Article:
While tracking gorillas in the Congo, a ‘Seven Worlds, One Planet’ camera crew were forced to abandon their shoot and flee through the jungle in the middle of the night.
The naturalist recounts the changes he’s witnessed to Borneo’s tropical forests — home to the endangered orangutan.
These special radio collars are saving African wild dogs’ lives.
These inquisitive walruses were eager for some camera time!
There’s no better storyteller than nature.
Explore the tricked-out boat ‘The Hunt’ crew used to film elusive deep-sea predators.
Oscar-winning composer Steven Price (‘Gravity’) on how to score nature scenes.
Would you have the guts to get up close and personal with these dangerous predators?
The ‘Dynasties’ team spent two years with David, the Marlon Brando of chimps.
Warning: While washing your shirt, you may share a pool with some interesting friends.
It takes weeks underwater to find and film the fascinating animals of the deep.
Suction cup cameras provided the ‘Blue Planet II’ crew with a whole new perspective of a sperm whale family.
Filming a blue whale feeding underwater is not for the faint of heart.
See how ‘Blue Planet II’ cameramen used special slow-motion cameras to capture high-speed, bird-on-bird theft!
This ingenious crew took their cameras atop elephants to follow tigers into the forest.
In the words of ‘The Hunt’ cameraman: “It was the most extraordinary thing I’ve ever seen”
Giant spiders, brutal weather conditions, and hours and hours of waiting are all worth it for the moments of pure animal magic.
Better safe than sorry! The ‘Planet Earth II’ crew relied on multiple bear saftey precautions during filming.
Oy! A very hungry polar bear treated himself to the crew’s bacon, sour cream, yogurt, and more.
Sperm whales can dive up to 3,280 feet deep. Meet the underwater cameraman who managed to capture this split-level footage..
Over four years of filming, the ‘Blue Planet II’ crew witnessed key changes in the world’s oceans.
Note these tricks of the trade to avoid painful ant bites!
It took a very special camera stytem to film the lives of the creatures of the reefs.
Dynasties’ Producer Mike Gunton takes us behind the scenes of nature’s most dramatic stories.
Why are cheetahs so fast? Why do tigers have stripes? Habitats force animals to adapt, and the results are fascinating.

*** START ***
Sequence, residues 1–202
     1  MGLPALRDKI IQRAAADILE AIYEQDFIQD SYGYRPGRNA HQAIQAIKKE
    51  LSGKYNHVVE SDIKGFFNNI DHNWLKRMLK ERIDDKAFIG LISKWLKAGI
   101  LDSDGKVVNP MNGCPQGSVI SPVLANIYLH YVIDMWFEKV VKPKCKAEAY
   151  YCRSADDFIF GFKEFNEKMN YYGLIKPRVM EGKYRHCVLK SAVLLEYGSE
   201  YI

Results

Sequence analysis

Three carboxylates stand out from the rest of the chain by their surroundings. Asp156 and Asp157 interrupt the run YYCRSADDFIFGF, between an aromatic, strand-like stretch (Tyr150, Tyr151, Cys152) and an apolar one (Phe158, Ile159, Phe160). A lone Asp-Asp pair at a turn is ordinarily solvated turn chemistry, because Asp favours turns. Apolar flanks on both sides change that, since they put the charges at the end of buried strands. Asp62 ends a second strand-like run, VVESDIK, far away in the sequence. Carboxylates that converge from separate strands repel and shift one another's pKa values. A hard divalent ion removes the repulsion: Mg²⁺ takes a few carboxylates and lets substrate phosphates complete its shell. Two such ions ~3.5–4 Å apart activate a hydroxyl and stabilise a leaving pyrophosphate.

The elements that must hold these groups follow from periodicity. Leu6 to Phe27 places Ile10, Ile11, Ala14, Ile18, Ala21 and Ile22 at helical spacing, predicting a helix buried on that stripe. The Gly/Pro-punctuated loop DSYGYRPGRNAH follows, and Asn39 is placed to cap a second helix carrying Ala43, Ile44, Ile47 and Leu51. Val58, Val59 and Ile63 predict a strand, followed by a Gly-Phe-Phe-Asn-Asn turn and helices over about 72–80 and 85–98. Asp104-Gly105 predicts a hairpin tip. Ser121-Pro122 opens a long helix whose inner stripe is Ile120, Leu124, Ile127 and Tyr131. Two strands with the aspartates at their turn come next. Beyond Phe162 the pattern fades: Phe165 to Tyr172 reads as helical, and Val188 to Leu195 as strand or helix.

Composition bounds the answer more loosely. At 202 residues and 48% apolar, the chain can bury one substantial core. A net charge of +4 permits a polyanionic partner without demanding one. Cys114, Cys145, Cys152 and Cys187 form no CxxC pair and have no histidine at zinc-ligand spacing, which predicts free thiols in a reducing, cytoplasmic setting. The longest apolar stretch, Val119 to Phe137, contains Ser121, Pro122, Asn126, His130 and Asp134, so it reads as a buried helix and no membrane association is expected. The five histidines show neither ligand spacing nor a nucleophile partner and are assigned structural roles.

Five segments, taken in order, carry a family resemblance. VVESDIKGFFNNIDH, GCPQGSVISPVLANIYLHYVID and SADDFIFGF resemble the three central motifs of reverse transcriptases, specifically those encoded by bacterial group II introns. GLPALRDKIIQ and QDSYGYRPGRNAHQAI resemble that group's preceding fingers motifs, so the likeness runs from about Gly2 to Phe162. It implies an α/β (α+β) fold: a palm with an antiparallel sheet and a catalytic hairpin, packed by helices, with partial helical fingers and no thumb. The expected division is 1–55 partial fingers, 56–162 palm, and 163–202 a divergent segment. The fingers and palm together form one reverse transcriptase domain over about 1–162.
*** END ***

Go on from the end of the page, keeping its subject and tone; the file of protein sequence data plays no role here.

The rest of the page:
These unique fish spread their wings and leave the ocean to escape predatory Dorados.
After facing the roughest seas in the world, the ‘Seven World, One Planet’ Antarctica crew found themselves in the middle of an elephant seal duel!
Tracking Australia’s most elusive predators was the crew’s greatest challenge, but eventually led them to a very special surprise.
Elusive Iberian lynx and grey wolves were extremely hard to find — let alone film.
What better way to celebrate your birthday than with beluga whales and polar bears?
The ‘Seven Worlds, One Planet’ crew tracked this fearless puma mother for a hundred miles to film her life and death struggle to provide for her cubs.
This extraordinary cheetah mother managed to get all her cubs through their first year.
A behind-the-scenes look at how the producers of ‘Planet Earth II’ stumbled upon comedy gold.
I felt like I wanted to hug him.
By carving steps in the ice, the film crew saved part of a penguin colony.
The ‘Blue Planet II’ crew went old-school to film airborne Giant trevally in South Africa.
The ‘Planet Earth II’ camera crew releases peregrine falcon chicks into the skies of New York City.
Breakfast is served.
Discover how the ‘Blue Planet 2’ crew filmed a mother walrus and her pup using the UHD Mega-dome.
Coral has been found all the way down at 6,000 meters deep, but these reefs are incredibly vulnerable.
Like a true star, tigress Raj Behra chose a den no paparazzi could reach by car.
This ‘Planet Earth II’ cameraman describes what it was like to camp out in the canopy.
The Hunt’ producers filmed a wild dog hunt from both land and air — and the results are riveting!
Meet the group who’ve been helping dolphins suffering from plastic since the 1980’s.
The Yukon’s sneakiest residents are masters of disguise all year round.
A female turtle spends five long years returning to her birth site to lay hundreds of eggs of her own.
These adorable owls enjoy seasonal beetle delights and settle in for the breeding season.
Emperor penguins — serial monogamists —move from ocean to ice to choose their mates for the year.
A hungry owl and a clever vole engage in a snowy game of cat and mouse.
It’s a seadragon dad’s job to carry the fertilized eggs until they hatch.
This youngster has an important destiny to fulfill on the dangerous surface.
After traveling thousands of miles, swallows quench their thirst in the heart of the Sahara.
These bold lizards of the Savannah hunt flies on top of sleeping lions.
Baby ostriches dodge elephants, giraffes, zebras, and brawling lions while trying to quench their thirst.
This mother bird’s risk paid off — she’s the only resident eagle in this entire forest!
Pronk around! Pronk around! Pronk up, pronk up and get down!
A brave chimpanzee uses tools to break into a hidden beehive.
90% of Australia’s wildlife is found nowhere else on earth.
Watch a opportunistic Photuris firely set a trap behind a spider’s web.
These African birds treat themselves to a bee hive feast on the side of a cliff.
The jungle is these lowland gorilla’s playground.
In these Indonesian waters, whale sharks are protected and thriving.
Otherwise known as “olms”, these creatures can go an entire decade without a meal.
With a successful mid-air twist, these fish can collect their tasty prize.
The nickname “Flying Lemur” may be a bit misleading, but these Colugos are the masters of the glide.
In this strange forest world, life is built on decay.
Why the square face? Well, you’ll see.